Do you remember the first word you said as a baby? I certainly don’t, but I would bet that “No!” was probably one of my first words. Most babies are told ‘no’ often by their parents. This makes sense, it’s important to tell babies what not to do sometimes more than saying ‘yes’. We don’t want the baby to get hurt and the ‘no’ just comes out. Before you know it, you’ve got a toddler bumbling along telling everyone including the family dog, “No!”
As we’ve grown up, we use it to correct our own child’s behavior, or perhaps even the dog or cat. It’s in our vocabulary, so why can’t we say it when we want to turn down an offer, invitation or request?
If you have trouble saying no to requests made of you – especially those you don’t want to do – you aren’t alone.
Why Is It So Hard to Say “No”?
It’s hard for many reasons, including how we were raised and our culture, especially for women. We learned it’s good to be a helpful person. Helpful people receive positive feedback, which increases depending on how busy that person is. “She’s so busy with family and work yet she’s always the first to volunteer when the (school, church, club, neighborhood, etc.) needs help!”
It feels good to get positive feedback…in the moment. But what if you’re taking the time from your family or yourself to do something for someone else? Helping out when you can is appropriate and most of us hope in our time of need we can expect help from those we’ve been there for.
However, if you rarely say no, due to guilt or because you crave that positive feedback, it becomes a problem. Not only do you sacrifice yourself, but you also get labeled as someone who can always be counted on to help. You become the default helper – if no one else volunteers, everyone knows you’ll say yes.
Once you’re in this position, it’s tough to get out. But you can – it just takes saying, “No!”
Start Working Out That ‘No!’ Muscle
Learning to say no is like training a muscle – it takes a conscious effort to begin and become consistent. Similar to conditioning a muscle, you may experience some “soreness” or guilt, in the beginning. Over time it gets easier and you’ll find yourself using your ‘no’ muscle more often.
This is part of self-care. Self-care is essential for a balanced, happy life as well as keeping the important people in your life happy. Self-care helps maintain or build your self-esteem and it reduces stress. Using that tiny two-letter word when you mean it will have a powerful impact on your life!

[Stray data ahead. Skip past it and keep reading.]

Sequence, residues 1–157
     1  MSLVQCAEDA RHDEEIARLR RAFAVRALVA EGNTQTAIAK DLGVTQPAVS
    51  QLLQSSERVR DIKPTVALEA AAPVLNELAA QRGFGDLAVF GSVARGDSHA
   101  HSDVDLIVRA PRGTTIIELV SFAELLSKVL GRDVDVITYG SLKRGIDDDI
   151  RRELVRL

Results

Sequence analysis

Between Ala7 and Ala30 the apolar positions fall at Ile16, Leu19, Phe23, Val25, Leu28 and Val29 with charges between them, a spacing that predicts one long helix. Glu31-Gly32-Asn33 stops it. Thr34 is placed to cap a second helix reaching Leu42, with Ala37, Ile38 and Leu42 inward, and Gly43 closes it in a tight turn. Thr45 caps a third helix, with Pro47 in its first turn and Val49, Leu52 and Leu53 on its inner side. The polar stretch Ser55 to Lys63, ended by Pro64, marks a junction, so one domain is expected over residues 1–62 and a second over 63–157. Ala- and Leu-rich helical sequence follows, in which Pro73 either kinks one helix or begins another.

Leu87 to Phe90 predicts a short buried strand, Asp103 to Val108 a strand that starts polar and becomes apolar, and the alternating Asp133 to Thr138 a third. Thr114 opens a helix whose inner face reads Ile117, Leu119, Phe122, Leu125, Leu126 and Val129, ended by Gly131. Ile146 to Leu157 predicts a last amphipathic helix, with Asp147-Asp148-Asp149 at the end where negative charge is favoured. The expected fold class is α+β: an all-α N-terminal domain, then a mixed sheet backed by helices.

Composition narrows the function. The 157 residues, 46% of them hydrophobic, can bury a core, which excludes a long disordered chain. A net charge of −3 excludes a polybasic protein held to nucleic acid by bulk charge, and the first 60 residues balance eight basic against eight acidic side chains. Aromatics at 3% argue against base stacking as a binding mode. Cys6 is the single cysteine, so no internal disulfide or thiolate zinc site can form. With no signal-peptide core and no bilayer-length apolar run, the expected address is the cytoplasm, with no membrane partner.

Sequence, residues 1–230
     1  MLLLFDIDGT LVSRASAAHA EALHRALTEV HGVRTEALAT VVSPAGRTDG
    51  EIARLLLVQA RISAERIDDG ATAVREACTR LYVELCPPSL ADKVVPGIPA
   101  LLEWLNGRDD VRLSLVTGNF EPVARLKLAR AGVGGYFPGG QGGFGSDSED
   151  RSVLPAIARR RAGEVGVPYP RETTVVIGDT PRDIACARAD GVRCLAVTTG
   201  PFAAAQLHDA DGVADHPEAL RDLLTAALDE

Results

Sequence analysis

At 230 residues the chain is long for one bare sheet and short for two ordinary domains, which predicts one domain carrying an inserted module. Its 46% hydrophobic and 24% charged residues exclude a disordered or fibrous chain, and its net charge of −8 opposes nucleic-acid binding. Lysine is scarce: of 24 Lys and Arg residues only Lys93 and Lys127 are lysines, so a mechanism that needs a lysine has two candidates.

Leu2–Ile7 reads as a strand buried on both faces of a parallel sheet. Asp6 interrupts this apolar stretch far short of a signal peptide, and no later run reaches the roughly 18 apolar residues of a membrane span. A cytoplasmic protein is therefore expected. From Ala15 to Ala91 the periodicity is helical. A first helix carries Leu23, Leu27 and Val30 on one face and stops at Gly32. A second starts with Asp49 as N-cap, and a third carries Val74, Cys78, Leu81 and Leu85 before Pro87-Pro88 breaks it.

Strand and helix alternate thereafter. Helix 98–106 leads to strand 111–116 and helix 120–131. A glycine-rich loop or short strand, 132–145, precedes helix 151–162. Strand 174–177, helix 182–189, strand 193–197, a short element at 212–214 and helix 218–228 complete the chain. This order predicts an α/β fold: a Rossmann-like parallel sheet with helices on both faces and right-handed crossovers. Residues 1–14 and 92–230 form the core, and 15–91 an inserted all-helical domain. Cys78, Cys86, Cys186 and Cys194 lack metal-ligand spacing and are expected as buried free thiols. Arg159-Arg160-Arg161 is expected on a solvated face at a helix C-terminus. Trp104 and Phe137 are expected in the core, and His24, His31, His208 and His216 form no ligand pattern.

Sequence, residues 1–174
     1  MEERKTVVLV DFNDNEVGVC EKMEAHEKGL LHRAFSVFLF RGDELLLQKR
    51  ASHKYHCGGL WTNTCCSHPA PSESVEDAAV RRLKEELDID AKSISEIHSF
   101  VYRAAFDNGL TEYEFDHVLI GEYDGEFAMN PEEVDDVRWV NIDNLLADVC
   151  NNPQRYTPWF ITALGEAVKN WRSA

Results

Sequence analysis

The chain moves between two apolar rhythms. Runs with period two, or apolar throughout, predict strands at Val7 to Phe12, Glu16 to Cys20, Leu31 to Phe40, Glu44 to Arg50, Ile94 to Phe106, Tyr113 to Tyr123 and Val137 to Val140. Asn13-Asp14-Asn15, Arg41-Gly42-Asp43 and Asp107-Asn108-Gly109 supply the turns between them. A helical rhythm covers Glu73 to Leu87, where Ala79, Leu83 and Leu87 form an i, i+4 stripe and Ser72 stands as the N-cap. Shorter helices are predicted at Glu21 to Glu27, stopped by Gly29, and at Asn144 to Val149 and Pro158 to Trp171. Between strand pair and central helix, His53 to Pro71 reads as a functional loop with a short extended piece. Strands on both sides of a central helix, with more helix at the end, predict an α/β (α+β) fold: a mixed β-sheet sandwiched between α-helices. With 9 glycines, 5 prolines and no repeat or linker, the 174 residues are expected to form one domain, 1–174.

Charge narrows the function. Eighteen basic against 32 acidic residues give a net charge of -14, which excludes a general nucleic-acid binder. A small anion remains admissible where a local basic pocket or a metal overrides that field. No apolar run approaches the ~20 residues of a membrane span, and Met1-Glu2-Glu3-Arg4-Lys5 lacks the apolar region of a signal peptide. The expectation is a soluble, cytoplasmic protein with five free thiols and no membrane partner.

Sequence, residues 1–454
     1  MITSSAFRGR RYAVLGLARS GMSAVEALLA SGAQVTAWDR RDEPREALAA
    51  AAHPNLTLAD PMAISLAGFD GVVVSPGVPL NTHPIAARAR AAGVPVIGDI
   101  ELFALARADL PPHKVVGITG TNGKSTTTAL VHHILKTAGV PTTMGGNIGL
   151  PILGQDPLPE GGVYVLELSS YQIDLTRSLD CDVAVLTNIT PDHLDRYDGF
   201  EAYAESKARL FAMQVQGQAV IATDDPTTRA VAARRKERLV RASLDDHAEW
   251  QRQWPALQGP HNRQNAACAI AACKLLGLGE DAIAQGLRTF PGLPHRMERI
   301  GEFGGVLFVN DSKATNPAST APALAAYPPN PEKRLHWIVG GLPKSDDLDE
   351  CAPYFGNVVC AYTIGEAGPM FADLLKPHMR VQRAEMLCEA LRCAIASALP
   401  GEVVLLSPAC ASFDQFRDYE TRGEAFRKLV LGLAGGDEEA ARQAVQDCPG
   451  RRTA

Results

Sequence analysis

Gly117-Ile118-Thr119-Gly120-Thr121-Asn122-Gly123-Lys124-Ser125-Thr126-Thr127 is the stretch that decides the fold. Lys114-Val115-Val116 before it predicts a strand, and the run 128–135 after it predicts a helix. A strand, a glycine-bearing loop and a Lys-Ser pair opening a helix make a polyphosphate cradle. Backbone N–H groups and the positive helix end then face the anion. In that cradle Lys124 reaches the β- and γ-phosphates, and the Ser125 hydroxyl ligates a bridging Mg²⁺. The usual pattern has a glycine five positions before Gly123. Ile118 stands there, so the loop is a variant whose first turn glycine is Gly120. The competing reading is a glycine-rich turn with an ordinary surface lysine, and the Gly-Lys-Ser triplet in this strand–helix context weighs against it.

Saying no to things that don’t serve you or fit into your values or priorities is an essential skill most happy and successful people work on consistently. They’re aware of how difficult it is to fulfill a commitment they’ve said yes to when they really wanted to say no. It leads to feeling taken advantage of or angry at the requester and/or themselves, which makes it even more challenging to follow through with their commitment. To avoid this, they keep their ‘no’ muscle in good shape!
To practice the skill of saying ‘no,’ I often suggest to a client to find an opportunity to say no during the week. They discover the temporary discomfort of saying no is much better than saying yes and having to deal with resentment, anger and often upset from family.
Saying yes to avoid conflict or to be a nice person (when you don’t want to) is a behavior that can lead to the use of a coping mechanism, such as compulsive dieting or overeating. This in turn leads to guilt and shame, which keeps you trapped in the diet-binge cycle. This will repeat as long as you continue to sacrifice yourself and say yes to things you can’t or don’t want to do.
No is a Complete Sentence
Learning to say no can also help if you tend to overeat due to stress, overwhelm, or other negative emotions. Reducing stress can reduce your mindless, automatic eating in response to not having your needs met.
Be aware of how you say no. Do you say, “no, but…” or, “no, I’m sorry but I can’t because…”? I’m not sure who first said this, but it’s worth quoting: “No” is a complete sentence.
Here’s how it looks: “No.” It doesn’t need an explanation or excuse. This is a big step and you can take baby steps towards simply saying no. It’s a great way of honoring your needs and will set a good example when you get there.
Still uncomfortable with the concept of saying no? Try this out while you’re strengthening your no muscle… when you’re asked you to do something that you don’t want to do, tell the person you want to answer them, but you need some time to think about it.
This works great when you’re worried you won’t say ‘no’ in the moment. Take time to put together what you want to say and how you want to say it. This way you’ll have an easier time saying no, rather than being caught off guard and unprepared.
As I was writing this, the show “Friends” came to mind. In the first episode, Joey asks Phoebe if she wants to help put Ross’ new furniture together and Phoebe, with a straight face, says, “I wish I could, but I don’t want to.” I think sometimes we could all stand to be a little like Phoebe!